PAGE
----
A minimalist conception, advanced by Marvin Goodfriend, among others, would restrict the proper scope of central bank interventions to open market operations that exchange monetary liabilities for short-term Treasury bills (in order to steer the overnight money-market rate of interest). On this model, the LOLR function is conceived of as being to accommodate shocks to the aggregate demand for base money and plays no role in offsetting temporary problems in the distribution of reserves among banks.

Arguably, this would get close to abolishing the LOLR function as traditionally executed. As a governor of the Bank of England said of the 1820s crisis, when the function was first emerging, “we lent in modes that we had never adopted before . . . by every possible means consistent with the safety of the Bank.”

Perhaps more profoundly, at the zero lower bound the only instrument available to the central bank would be to talk down expectations of the future path of the policy rate (“forward guidance”). All other interventions to stimulate aggregate demand—for example, quantitative and credit easing—would fall to the “fiscal arm” of government. And that, not a judgment on the merits of the minimal conception, is my point: what is not within the realm of the central bank falls to elected policymakers, with the attendant problems of credible commitment and time-inconsistency.

At the other, maximalist end of the spectrum, the central bank would be given free rein to manage the consolidated balance sheet, even including writing state-contingent options with different groups of households and firms. That would get very close to being the fiscal authority, and cannot be squared with any mainstream ideas of central banking competencies in democracies.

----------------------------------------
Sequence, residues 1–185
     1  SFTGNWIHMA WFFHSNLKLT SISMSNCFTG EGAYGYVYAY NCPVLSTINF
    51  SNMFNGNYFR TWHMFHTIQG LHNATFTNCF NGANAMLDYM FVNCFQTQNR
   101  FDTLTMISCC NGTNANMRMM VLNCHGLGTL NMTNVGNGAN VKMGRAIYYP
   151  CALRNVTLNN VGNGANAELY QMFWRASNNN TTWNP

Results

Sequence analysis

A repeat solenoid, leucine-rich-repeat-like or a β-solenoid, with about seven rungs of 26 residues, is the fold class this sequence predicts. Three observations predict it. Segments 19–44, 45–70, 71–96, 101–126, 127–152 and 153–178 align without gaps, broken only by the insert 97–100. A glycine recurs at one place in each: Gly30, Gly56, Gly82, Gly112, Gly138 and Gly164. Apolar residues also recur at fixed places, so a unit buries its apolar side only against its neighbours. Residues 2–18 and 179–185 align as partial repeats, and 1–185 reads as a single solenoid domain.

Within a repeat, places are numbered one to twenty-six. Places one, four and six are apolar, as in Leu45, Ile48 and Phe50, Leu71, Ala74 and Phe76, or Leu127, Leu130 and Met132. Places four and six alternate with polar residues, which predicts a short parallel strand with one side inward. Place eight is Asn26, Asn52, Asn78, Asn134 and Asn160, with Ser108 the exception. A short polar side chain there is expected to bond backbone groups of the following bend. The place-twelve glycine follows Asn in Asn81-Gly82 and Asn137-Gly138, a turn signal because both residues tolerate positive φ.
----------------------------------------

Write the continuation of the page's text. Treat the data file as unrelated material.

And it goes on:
So in one direction, the state’s overall capabilities shrivel; and in the other, its functions are effectively seized by unelected central bankers.

We could try to resolve the question of boundaries through positive economics on the effectiveness of different instruments in responding to the shocks hitting a monetary economy. While that work is obviously essential, it is not the approach I take here, partly because answers are likely to be hedged about with uncertainty; but, more fundamentally, because that approach does not speak to which arm of the state should be delegated which tools. The problem appears to be that we don’t know where the welfare advantages of credible commitment are outweighed by the disadvantages of the loss of majoritarian control, because that looks like a trade-off between incommensurable values.

I am going to approach the question of boundaries, therefore, by asking first what purposes a central bank serves and then what constraints are appropriate for independent agencies to have legitimacy in a democratic republic. As we proceed, the tension between commitment technologies and majoritarian legitimacy will resolve itself.

You can continue reading the chapter here